The ad economy is poised for a boom in the fourth quarter -- that is , if you are in the local TV business in a swing state. You're not? Well, fasten your seat belt. You're in for a bumpy ride for the remainder of the year.
Perhaps the best way to describe the prospects for the fourth quarter is uneven. While advertisers are continuing to spend, they are doing so inconsistently and opportunistically.
The country's second-largest advertiser, General Motors, for example, is trimming its budgets overall but spending for launches such as for the upcoming Cadillac ATS. After reviewing the earnings calls of 100 different advertisers, Barclays analyst Anthony DiClemente concluded that some of the country's biggest packaged-foods marketers have expressed intentions to boost ad spending -- to take advantage of lower commodity costs.
"You're going to see Heinz spend in marketing like you've never seen us before," Meg Nollen, senior VP-investor relations, told analysts in August. And on Friday, Tony Vernon, CEO of Kraft Foods' new standalone North American grocery business, pledged to increase ad spending by squeezing costs in areas such as the supply chain. "We can and we must do more to support our brands," he said, though he didn't provide concrete percentage increases.
Fresh off spending $83.8 billion in a back-to-school outlay, according to a National Retail Federation estimate, retailers are looking to economize for the crucial holiday season. And marketers like McDonald's in highly competitive categories feel they have no choice but to keep up their outlays to fend off rivals hungry for market share. "There is an increase in terms of marketing spend by many of the folks in our competitive set, and we have to clearly be able to make sure that our strength of voice and share of voice is still resonating with consumers," said McDonald's president and chief operating officer during a second-quarter earnings call.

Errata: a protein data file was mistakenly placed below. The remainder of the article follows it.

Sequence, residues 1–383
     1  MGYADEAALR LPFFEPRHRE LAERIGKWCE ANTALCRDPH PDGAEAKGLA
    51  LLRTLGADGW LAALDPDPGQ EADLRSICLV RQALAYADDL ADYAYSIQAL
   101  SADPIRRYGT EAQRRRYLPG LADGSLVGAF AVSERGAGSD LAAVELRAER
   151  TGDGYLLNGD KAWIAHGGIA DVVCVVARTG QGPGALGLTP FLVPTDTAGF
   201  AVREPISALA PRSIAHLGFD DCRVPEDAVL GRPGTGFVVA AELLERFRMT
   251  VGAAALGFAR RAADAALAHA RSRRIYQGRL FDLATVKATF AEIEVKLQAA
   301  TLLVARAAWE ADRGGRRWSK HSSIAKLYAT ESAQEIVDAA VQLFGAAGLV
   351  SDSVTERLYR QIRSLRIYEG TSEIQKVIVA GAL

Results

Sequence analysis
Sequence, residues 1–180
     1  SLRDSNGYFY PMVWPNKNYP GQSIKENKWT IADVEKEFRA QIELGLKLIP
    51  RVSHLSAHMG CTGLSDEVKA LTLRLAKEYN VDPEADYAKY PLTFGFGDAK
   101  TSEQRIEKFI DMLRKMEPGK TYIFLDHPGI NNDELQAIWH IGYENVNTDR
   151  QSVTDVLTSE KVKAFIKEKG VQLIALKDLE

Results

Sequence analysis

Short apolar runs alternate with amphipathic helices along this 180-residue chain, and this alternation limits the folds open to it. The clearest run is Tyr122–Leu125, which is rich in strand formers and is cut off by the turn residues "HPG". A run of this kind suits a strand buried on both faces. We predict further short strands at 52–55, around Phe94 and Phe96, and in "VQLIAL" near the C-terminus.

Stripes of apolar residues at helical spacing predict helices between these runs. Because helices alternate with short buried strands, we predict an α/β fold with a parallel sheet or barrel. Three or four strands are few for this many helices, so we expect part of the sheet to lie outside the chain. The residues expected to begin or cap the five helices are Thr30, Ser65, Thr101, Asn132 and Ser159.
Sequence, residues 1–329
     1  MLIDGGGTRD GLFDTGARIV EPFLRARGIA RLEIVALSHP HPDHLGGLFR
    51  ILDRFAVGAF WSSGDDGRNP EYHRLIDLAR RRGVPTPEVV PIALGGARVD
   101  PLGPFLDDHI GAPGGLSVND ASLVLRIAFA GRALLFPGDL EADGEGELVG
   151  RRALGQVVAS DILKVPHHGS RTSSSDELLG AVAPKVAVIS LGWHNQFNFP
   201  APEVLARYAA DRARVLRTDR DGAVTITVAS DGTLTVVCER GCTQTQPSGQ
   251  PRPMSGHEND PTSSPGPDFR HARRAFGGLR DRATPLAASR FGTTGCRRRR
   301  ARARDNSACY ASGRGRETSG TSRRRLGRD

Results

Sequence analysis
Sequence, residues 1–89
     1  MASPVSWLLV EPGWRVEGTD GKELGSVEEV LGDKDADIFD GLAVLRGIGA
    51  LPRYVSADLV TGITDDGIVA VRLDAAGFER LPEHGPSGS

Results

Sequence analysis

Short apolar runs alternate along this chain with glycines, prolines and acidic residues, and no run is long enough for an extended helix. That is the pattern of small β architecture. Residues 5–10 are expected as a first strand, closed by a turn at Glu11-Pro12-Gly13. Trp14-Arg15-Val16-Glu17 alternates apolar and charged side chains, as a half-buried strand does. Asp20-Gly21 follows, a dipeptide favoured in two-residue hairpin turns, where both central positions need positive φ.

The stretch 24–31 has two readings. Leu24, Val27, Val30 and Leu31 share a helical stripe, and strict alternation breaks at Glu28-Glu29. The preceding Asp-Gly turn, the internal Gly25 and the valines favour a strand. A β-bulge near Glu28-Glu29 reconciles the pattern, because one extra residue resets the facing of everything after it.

All told, it is this year's mega events, the Olympics and the elections that have largely provided momentum. The watchword for the fourth quarter is caution, with the industry casting leery glances toward Washington.
"Advertisers are putting money away to deal with the fiscal cliff," one magazine executive said.
The cliff referred to is a combination of tax hikes and spending cuts slated to simultaneously take effect on Jan. 1 - -including a package the Congressional Budget Office projects will shrink the economy by 1.3% in the first half of next year -- unless Congress does something.
"Maybe on Dec. 31, everyone in Congress smokes cigarettes together and gets it done, but Fortune 500 and Fortune 1,000 companies can't bank on that ," the executive said. And failing a resolution, "advertising is an easy thing to cut."
TV is getting more than its fair share of ad dollars -- local, thanks to political spending, and national venues as well, said Ed Atorino, a media analyst for Benchmark Co., who thinks consumer-products companies are moving some money previously earmarked for social media into TV. "A lot of companies tested it and it turned out, particularly for some, [that ] it helps out brand identity but it doesn't really sell stuff."